Smoked Pork And Beef Jalapeno Cheese Sausage

  • My wife and I made about twenty pounds of link sausage Saturday from pork and brisket I bought this summer that needed to go. Usually I go 50/50 but after trimming the brisket I was pork heavy and ended up with six pounds of beef and twelve pounds of pork. We split the meat equally and made half cheese and jalapen'o and the other half without the cheese and peppers. We stuffed the mixture into natural pork casings and smoked it over oak firewood for a little over two hours. I try to keep the smoker under 200 degrees for an hour and a half or so then add a little bit of coals to bring it up until I hit 160 degrees internal temperature of the meat then pull the sausages out and chill them down to stop cooking. I have a fan in the chimney of the smoker I can speed up to drop the temperature or slow it down to increase it also. Yesterday wasn't a real good day to smoke, it was windy and misting rain off and on and about eighty degrees but as they say it is what it is.
    Grinding Method
    I have a small grinder (#8) so I cube the meat pretty small
    I mix the spice with the meat after cubing and at this time dissolve the cure in water and mix it in as well
    Refrigerate this for about two hours then place in the freezer until the meat is firm but not frozen
    Grind the meat with the fine plate and mix until it has a smooth texture then put it in the stuffer
    If you add cheese and peppers mix them in at this time
    Domestic pork and beef 50/50
    Domestic pork and venison 60/40
    Wild pork and venison 60/40 and add pork fat or beef tallow if necessary
    Dobesh sausage seasoning mix .64oz./lb of meat
    Pink cure 1 (one) level teaspoon per five pounds of meat
    One ounce of cold water per pound of meat

    Jalapen'os and Cheese for roughly ten pounds of meat ( more or less depending on your taste)
    One cup of finely chopped fresh jalapen'os
    Twelve ounces of small cubed cheddar cheese (you can use grated also)
    Add the cheese and peppers before stuffing unless you stuff with the grinder then send them through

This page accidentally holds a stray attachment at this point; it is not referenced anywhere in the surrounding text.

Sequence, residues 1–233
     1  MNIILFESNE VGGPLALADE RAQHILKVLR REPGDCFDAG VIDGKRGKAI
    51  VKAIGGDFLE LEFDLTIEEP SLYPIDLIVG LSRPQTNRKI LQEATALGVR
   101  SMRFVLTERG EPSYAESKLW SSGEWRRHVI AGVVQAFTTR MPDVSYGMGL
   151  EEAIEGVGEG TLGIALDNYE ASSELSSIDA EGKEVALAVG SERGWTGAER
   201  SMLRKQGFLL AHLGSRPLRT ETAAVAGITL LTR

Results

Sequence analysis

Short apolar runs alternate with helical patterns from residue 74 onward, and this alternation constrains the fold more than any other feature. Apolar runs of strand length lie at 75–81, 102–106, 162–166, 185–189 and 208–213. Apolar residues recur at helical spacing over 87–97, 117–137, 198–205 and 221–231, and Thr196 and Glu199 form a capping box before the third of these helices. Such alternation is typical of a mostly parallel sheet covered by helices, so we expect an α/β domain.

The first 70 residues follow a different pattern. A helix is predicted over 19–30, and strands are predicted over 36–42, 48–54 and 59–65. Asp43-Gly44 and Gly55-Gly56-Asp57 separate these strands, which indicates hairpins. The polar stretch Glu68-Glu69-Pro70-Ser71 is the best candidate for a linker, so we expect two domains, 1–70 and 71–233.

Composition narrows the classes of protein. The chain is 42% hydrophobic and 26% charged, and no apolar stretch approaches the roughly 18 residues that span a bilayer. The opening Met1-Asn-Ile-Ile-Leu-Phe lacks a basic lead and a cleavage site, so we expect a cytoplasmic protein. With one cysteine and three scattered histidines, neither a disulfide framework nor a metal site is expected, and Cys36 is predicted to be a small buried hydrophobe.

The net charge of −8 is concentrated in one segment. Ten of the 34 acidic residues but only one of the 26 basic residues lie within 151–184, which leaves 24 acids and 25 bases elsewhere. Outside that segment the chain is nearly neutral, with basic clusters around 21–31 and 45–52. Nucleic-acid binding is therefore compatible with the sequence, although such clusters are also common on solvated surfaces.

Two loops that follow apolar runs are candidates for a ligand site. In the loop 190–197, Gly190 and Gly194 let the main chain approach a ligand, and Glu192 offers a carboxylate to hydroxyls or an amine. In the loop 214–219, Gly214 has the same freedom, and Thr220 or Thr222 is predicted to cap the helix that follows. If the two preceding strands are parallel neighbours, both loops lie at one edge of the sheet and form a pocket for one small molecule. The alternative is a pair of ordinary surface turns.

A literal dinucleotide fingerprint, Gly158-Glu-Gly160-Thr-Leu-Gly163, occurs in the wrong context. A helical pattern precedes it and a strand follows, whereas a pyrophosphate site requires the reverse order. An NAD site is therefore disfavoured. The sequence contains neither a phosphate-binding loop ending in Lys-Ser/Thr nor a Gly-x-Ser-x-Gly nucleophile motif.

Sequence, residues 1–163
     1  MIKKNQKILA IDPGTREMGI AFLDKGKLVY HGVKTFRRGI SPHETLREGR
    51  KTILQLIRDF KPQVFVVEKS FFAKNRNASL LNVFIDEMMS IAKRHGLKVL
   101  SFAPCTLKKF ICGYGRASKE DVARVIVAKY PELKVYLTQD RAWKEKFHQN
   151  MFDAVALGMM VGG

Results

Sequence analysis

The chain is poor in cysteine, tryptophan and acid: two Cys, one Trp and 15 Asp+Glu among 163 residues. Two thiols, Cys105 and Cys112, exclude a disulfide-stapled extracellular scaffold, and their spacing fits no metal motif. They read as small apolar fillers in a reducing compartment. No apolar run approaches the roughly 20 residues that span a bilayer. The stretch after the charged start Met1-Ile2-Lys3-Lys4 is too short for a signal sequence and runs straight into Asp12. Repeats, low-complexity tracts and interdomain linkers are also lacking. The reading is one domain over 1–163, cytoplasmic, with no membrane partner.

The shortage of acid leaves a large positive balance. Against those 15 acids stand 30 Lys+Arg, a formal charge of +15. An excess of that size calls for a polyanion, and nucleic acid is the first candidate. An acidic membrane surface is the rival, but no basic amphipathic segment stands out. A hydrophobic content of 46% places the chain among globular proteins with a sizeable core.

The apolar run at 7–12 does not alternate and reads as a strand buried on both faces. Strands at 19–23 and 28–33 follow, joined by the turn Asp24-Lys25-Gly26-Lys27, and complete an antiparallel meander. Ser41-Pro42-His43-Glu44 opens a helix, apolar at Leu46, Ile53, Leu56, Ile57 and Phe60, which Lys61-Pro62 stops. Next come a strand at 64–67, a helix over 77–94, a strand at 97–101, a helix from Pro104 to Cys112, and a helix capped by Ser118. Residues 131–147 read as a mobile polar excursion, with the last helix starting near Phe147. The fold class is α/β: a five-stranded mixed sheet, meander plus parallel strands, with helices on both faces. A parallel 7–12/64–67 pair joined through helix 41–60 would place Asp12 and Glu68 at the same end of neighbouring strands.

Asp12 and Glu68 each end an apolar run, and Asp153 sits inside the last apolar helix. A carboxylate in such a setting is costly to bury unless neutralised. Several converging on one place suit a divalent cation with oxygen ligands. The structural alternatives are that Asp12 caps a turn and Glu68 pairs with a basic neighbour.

They sell a high temperature cheese but I buy square cheddar cheese snack sticks and they seem to melt at a higher temperature and are easy to cube
    Canned jalapeno are good if fresh aren't available
    I have tried blending my own spices but Allied Kenco Sales in Houston has a whole line of sausage seasonings that really are good. I have used several different ones and so far no losers. I don't know if this link will work. I have a couple of pictures I will post later.

  • That is definitely not something I should read before going to lunch.... to a buffet... in a small vehicle.... with a weight limit...

  • @martino1
    You need to visit The Salt Lick in Driftwood Texas outside of Austin Texas. All you can eat ribs, sausage and brisket with sides. You keep eating it and they keep bringing it. It's not cheap but pretty darn good for mass produced BBQ. You can buy a single plate also but I couldn't resist all you can eat.

  • Some pictures of the sausage making.



  • What kind of knot do you use on those cases? We always have a hard time tying them shut, we never hang them by the string because they usually fall apart.

    We use collagen casings that come with one side tied shut already.

  • @rhyno
    This might be hard to explain but I will try. You see the little balls of meat at the ends of the links? When I start a link out of the stuffer I pull a little extra casing out and then double it back over and trap a little bit of meat in the casing then wrap the string around both layers and knot it. That forms a little ball and your string won't slip off the end. We also used to make one long link then cut the casing and pinch a slug of meat out then do the double over casing trick and make a little ball so it won't slip. Then you end up with a bowl full of meat mixture you either throw back in the stuffer or make patties or a loaf. I have seen sausage loafs smoked for a couple of hours just like a meat loaf. Natural casings will twist and you can hang them also but you need to tie each end. Once they are smoked you can cut them and they wont fall apart. I just twist the chicken sausage and cut them at the twist but I cook them on a grill, no smoking and they don't squirt out the end. You are right they are hard to tie because the string just slips off. I use a cotton butcher string and when you tie a granny knot in it that's it. You have hell untying it. I have never used the collagen type so I'm not sure about them. Some of these natural casings are tough for some reason. It has a lot to do with the temperature you smoke at and how long you smoke. I got a batch of casings that had been frozen, that was a train wreck. If they didn't bust when you were stuffing they were tough as bicycle inner tubes. I bought the casings for this batch at a processor and they were fresh packed in salt and a whole lot better. You can soak them with a little vinegar or lemon juice and it will make them softer too but I never have, just warm water.